Wednesday, June 18, 2008

the case for Marlene Dumas

Chris Ashley suggested we write about why we are pro-Dumas as regards the current debate. If you haven’t kept up on this, check out the posts on Marlene Dumas by Martin Bromirski on Anaba. The New York Times Magazine also published an article about her last Sunday.

The article quotes her proudly measuring her life in negatives: I never learned to ride a bicycleI never learned to drive… I stay in bed and reflect, like Rossellini. What I am hearing is the score of someone who is not so much a joiner, and of someone happier to meet and greet what happens in their interior view.


But of course this is all about the work, no? Yet even in the Times article, her success as an artist is shadowed by the question of does she deserve it? In this they refer to Anaba and the ongoing tallies of pro or con.

Much of this can be traced to Dumas reaching a new record at auction for a living woman artist: one of her works went for over three million. Then the floodgates tore open to that ever-present question for the woman artist: “the quality of the work.” People now wish to say why they like it or not, as if her price is justified by those standards.

I wonder if Francesco Clemente would face such remarks and controversy if his work hit a 3 million mark. Maybe indeed it already has. I use him as an example because he’s figurative and of the same generation. He has had his moments in the sun. Did anyone rag about “the quality of work” when he met success?

This reminds me of when Richard Polsky slagged Judy Chicago on my podcast, telling us how awful the work was. “She made history,” I offered, “That’s good enough for me.” He at least graciously admitted that much about her. But for some reason, even when a woman does that, we’re still trying to decide if we like her work or not.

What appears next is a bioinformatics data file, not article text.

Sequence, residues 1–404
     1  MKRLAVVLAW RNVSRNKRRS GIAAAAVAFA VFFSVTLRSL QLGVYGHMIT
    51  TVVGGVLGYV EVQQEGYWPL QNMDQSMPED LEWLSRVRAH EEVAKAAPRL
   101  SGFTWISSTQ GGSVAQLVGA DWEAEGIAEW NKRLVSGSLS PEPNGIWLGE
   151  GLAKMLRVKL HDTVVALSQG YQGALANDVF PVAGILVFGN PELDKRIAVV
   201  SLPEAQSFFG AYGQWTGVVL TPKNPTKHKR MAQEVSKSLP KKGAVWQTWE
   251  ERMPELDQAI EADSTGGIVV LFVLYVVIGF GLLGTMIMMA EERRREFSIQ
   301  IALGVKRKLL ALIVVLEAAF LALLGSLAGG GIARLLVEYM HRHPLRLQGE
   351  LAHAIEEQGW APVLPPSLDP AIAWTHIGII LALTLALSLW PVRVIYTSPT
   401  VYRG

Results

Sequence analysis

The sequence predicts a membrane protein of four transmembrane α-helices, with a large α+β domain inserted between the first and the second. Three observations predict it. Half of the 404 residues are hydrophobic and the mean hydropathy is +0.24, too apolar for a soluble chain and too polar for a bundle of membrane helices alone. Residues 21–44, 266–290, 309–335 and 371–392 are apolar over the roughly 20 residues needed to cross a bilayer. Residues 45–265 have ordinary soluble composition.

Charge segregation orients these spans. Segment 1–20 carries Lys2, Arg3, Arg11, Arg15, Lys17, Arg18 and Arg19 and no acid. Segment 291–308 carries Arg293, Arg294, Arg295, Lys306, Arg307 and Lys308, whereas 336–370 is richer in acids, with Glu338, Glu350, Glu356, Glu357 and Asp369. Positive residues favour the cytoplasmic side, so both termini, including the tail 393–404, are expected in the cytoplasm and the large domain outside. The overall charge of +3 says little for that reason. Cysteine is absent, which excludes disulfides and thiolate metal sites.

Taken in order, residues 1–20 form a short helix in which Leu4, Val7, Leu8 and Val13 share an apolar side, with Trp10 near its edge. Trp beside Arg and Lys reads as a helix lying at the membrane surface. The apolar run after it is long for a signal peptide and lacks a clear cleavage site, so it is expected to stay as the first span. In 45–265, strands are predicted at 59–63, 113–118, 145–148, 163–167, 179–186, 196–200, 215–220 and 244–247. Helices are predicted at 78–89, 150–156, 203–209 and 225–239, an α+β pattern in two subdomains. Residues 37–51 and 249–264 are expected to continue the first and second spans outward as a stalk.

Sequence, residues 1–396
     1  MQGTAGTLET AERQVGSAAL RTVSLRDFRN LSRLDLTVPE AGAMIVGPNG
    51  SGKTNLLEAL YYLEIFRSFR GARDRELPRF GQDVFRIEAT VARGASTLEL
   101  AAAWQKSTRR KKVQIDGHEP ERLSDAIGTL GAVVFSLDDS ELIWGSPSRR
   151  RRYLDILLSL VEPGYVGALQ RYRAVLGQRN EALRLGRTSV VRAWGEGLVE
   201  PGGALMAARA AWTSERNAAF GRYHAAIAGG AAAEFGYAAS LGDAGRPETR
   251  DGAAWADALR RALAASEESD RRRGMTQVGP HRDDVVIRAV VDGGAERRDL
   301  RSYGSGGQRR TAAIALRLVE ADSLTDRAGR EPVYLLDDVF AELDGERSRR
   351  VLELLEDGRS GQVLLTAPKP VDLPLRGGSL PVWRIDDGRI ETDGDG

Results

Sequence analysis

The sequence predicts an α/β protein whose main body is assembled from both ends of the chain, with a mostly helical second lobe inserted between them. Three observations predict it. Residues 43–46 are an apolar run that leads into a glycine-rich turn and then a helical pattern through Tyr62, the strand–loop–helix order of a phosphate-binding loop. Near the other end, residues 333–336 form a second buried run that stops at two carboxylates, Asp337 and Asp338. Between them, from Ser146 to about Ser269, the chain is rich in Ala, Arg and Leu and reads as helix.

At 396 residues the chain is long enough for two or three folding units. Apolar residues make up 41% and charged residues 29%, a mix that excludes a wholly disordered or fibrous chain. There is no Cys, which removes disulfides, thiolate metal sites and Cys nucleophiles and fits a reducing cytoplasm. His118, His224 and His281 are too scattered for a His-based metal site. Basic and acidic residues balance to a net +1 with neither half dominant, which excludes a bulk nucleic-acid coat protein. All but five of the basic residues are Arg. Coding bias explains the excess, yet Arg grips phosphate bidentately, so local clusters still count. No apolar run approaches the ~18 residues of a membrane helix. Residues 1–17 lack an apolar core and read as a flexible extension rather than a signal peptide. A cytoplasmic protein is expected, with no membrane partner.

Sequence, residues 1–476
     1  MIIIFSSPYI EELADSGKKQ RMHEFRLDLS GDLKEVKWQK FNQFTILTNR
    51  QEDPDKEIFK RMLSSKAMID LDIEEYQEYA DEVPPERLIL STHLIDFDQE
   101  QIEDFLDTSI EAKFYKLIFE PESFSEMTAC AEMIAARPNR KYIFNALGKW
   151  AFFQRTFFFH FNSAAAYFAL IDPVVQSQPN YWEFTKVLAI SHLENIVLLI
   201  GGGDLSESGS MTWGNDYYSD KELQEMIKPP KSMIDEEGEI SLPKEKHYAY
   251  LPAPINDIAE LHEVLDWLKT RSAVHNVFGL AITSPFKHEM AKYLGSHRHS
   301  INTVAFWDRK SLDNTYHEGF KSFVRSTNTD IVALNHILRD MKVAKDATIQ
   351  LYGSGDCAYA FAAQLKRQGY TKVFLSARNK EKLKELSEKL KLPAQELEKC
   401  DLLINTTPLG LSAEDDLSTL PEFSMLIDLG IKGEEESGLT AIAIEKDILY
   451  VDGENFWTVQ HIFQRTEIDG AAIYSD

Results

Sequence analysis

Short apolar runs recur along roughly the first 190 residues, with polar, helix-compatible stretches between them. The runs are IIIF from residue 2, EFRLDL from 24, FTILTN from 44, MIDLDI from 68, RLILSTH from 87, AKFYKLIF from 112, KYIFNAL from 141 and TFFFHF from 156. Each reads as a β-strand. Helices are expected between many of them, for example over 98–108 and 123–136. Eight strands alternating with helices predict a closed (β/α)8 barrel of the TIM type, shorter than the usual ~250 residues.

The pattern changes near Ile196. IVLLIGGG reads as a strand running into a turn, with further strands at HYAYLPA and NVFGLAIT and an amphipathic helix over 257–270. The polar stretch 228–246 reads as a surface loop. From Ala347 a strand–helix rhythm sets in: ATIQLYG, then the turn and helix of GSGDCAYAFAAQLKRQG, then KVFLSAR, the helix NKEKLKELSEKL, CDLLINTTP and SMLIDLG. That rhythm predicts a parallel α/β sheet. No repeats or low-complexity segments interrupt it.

Dumas has a love since childhood of drawing faces and figures. I too loved to draw faces and figures as a girl and did it for years. But it was, to a large degree, considered what girls draw, especially girls who like fashion or fairytales. In the case of Dumas, some have taken a dismissive view because she has painted her children. There must be nothing heavy about that. Strange too, because when men draw their kids or their women, dressed or undressed, this kind of debate just doesn’t come up. And that’s why I am “pro-Dumas” – not because I “like” the work (and I do), but because it doesn’t matter.


3 comments:

namastenancy said...

Debates like this one remind me (as if I needed reminding) that we have not come such a long way (baby!). Your point about Clemente is well taken; I remember criticizing him in an art group and being told that my critique was not valid because he was successful. With women, financial success is never enough. The whole life, persona, belief system and probably her dress size has to be talked about - and usually in a negative or put down way.

Anonymous said...

Whoa Nancy, you lived the scenario. I use it as an example in my head all the time - reverse the situation and see it it sticks.

...Never was a big fan of Donald Judd (except to cut up in collage, which I love doing). But if I were to tell any group that, they'd say what does it matter? It doesn't matter if I like him or not. He made history. And he has a market.

So now Dumas has done the same. She has a market. Is that what people find so offensive?

Eva

Anonymous said...

I'm not interested in controversy, but thank you for introducing me to Dumas' work. Excellent! Garish and sophisticated. How timely.

I love it. I would be scared to live with one tho.

Cicolini